You saw the cow barn at Scott Farm, now you can see where the horses lived! The Horse Barn at Scott Farm in Dummerston, Vermont is a very photogenic building with its symmetrical facade and bright colors. The barn was built not long after Frederick Holbrook II of Boston acquired most of the farm to add to Naulakha, where he lived. Holbrook used the farm as a gentleman’s farm where he would have laborers managing the grounds and supplying him with the freshest produce and dairy products. Inside, there is a ramp down to the basement which still retains the horse stalls, it’s so charming!
Welcome to Scandinavia of Maine, Oxford County! The rural county is home to towns named Denmark, Norway, and Sweden, but no Finland sadly! The land that is now known as Denmark, Maine, was once part of Pequawket, a village of the Sokokis Abenaki tribe. In 1725 during Dummer’s War, the village was attacked and the tribe abandoned the area fleeing to Canada. Settlers established a township with many settlers coming from Andover, Mass. The town was incorporated as Denmark in 1807, and named in a show of solidarity with the country of Denmark, after England attacked Denmark’s capital, Copenhagen that year. The town was mostly agricultural, with some industry along the ponds and the Saco River. The town saw a boost in popularity in the early 20th century as a location for summer camps, including Camp Wyonegonic, founded 1902, which is the oldest girls’ camp in the country.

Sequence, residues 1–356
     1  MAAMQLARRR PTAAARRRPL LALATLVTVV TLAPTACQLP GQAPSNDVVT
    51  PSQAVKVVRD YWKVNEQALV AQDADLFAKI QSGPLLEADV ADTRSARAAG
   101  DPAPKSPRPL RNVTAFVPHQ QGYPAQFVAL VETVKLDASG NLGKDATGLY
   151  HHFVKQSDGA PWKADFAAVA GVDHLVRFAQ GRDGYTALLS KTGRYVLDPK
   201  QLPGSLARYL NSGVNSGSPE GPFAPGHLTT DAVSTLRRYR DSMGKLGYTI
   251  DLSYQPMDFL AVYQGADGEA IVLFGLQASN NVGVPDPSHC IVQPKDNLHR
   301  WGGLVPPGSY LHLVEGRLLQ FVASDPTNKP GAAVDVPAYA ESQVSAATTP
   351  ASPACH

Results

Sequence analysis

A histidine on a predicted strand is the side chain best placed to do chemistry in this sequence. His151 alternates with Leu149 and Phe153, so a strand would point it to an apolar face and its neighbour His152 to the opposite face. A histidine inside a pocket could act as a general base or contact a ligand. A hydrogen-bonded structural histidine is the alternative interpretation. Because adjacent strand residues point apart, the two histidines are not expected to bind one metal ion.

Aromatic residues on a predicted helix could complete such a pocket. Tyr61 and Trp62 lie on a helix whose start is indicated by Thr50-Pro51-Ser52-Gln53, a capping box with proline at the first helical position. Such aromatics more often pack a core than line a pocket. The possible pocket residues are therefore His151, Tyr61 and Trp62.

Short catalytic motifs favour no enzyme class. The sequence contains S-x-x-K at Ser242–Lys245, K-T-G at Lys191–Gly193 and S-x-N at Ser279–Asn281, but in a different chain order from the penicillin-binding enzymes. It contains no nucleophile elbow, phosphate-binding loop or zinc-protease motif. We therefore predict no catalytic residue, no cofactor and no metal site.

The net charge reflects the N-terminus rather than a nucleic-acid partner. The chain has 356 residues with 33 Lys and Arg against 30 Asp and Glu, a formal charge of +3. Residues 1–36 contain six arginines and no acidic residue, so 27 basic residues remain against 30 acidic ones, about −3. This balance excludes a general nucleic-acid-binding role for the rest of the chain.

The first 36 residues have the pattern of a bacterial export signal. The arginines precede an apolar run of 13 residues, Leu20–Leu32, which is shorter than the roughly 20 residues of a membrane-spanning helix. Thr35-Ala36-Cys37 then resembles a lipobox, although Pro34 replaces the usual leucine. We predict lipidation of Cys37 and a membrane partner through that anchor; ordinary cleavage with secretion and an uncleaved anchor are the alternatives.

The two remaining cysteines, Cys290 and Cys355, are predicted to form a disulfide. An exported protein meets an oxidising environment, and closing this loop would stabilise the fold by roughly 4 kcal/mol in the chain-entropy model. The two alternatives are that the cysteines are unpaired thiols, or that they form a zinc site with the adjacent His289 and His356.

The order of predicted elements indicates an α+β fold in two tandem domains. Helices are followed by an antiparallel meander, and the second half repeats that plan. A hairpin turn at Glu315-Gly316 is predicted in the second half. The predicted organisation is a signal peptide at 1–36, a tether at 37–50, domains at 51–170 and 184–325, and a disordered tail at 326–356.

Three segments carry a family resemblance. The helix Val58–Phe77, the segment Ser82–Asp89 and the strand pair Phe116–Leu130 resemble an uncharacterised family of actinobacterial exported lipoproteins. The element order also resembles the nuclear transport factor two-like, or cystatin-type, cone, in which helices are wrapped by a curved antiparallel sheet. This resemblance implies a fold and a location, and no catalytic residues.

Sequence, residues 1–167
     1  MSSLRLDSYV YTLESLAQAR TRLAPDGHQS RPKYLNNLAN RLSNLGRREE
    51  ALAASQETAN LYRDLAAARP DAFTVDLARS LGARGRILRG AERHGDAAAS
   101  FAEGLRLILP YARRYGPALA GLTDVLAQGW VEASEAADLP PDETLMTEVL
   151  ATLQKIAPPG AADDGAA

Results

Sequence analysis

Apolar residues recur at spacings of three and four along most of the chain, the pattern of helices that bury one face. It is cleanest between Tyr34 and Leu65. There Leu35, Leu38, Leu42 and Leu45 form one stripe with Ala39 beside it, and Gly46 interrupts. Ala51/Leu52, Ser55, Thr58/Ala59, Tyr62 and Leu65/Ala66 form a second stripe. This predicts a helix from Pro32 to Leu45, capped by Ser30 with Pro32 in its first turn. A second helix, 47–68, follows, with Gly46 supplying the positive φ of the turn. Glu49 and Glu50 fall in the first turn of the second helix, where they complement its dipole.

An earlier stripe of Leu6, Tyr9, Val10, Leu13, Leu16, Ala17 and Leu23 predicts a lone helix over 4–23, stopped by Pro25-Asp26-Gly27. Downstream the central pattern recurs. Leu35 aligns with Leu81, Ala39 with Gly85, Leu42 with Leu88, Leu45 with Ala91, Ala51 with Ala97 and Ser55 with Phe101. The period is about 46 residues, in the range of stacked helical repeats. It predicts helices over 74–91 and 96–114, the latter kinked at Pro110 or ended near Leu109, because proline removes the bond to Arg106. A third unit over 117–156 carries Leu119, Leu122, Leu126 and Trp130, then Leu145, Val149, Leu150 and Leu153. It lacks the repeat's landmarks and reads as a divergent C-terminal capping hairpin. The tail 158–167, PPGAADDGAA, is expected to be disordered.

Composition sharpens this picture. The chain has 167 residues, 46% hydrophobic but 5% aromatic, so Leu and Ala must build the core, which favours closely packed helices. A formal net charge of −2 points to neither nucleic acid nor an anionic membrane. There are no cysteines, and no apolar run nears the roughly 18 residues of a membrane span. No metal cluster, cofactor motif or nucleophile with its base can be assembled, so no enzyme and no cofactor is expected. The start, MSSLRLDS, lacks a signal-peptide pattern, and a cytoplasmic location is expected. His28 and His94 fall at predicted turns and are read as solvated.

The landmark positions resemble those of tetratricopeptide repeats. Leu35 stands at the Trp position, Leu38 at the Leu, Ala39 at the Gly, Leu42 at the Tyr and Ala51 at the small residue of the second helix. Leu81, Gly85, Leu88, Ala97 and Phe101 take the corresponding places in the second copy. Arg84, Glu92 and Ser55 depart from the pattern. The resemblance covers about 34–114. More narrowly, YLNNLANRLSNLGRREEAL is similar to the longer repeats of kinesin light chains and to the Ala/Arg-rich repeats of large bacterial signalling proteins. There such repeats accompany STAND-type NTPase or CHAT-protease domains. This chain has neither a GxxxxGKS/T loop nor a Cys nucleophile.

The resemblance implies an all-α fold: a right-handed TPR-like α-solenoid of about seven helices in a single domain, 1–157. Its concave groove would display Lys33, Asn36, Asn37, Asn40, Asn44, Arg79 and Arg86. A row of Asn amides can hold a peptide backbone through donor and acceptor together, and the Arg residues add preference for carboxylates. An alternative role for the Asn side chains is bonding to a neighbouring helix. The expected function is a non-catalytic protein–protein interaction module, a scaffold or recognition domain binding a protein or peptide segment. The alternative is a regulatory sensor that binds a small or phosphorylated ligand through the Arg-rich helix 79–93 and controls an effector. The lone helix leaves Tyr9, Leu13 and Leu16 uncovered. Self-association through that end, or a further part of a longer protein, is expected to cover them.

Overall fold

This building in Denmark Village appears to have been constructed in the mid-19th century as the village school. The vernacular Greek Revival building has very tall, multi-paned windows, Greek Revival trim, and modest proportions which really are pleasing to look at. It shows up on an 1880 map as “Old School House”, and appears to be a private home today. Stay tuned for more on the Scandinavian towns of Maine!